Local growers gathered near Ascot recently to obtain an update on the “Precision Soil Mapping on Central Victorian Pastures” Producer Demonstration Site and participate in a hands-on workshop on phosphorus management.
Precision Soil Mapping in Central Victorian Pastures is a Meat and Livestock Australia (MLA) funded collaboration between the Smeaton and Pyrenees BestWool BestLamb groups, Agriculture Victoria, and Precision Agriculture Pty Ltd. The project investigates the economic benefits of variable rate applications (VRA) and soil mapping on four demonstration sites spread across Central Victoria.
Attendees started the afternoon with a visit to one of the demonstration sites situated on Bruce Spittles property, where variable rate lime and gypsum were spread in early 2021. Variable rate technology was used to spread higher rates on more acidic or sodic areas, whilst backing off rates in better areas – in theory providing more effective and efficient soil amelioration. These inputs were targeted by soil sampling the paddocks in a grid to provide spatial maps of soil conditions and nutrition. Variable rate paddocks are monitored alongside more conventionally managed paddocks to measure how the approach has affected pasture production and the bottom line.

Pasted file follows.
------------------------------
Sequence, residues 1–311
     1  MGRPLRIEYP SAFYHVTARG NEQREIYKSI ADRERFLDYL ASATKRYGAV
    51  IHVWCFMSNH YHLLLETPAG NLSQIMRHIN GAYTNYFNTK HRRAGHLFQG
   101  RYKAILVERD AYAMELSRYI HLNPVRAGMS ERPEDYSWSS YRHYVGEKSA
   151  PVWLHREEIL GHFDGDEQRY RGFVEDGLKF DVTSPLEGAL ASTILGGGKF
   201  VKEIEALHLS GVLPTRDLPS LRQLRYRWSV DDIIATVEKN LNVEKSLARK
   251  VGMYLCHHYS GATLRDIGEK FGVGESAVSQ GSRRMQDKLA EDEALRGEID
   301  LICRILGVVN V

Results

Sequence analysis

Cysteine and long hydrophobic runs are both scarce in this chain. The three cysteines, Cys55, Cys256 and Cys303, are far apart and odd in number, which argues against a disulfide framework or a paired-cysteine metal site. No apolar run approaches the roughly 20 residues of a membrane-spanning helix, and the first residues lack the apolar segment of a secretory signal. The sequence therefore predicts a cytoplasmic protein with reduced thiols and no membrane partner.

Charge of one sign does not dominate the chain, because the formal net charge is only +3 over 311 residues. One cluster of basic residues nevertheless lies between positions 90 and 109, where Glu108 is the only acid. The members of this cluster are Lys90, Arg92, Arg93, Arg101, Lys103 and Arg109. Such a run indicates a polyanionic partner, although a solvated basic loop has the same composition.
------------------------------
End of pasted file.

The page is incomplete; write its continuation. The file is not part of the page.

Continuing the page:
“Grid soil sampling revealed variability in a range of nutrients and soil characteristics across each of the demonstration sites,” according to Precision Agriculture’s Georgie Rees. “Although it’s too early in the project for us to draw any meaningful conclusions, variable rate sites have so far tended towards higher grazing days and improved pasture compositions, but with no apparent difference in biomass or quality cuts.”
Subsoil sampling also revealed increases in soil acidity down the soil profile on some paddocks that reflected a history of surface-applied lime, making it important for growers to monitor conditions in their subsoil and adjust management accordingly.
Following a quick lesson in the use of the MLA Pasture Ruler from group facilitator Neil James (Agriculture Victoria), Dr. Kirsten Barlow guided attendees through the use of MLA’s Soil Phosphorus Tool. This free resource uses five easy steps to ensure that growers are making money from phosphorus fertiliser by matching their applications to plant and animal requirements.
The Precision Soil Mapping in Central Victorian Pastures project continues until late 2024, with a thorough economic analysis that will help to answer questions about the benefits of variable rate applications.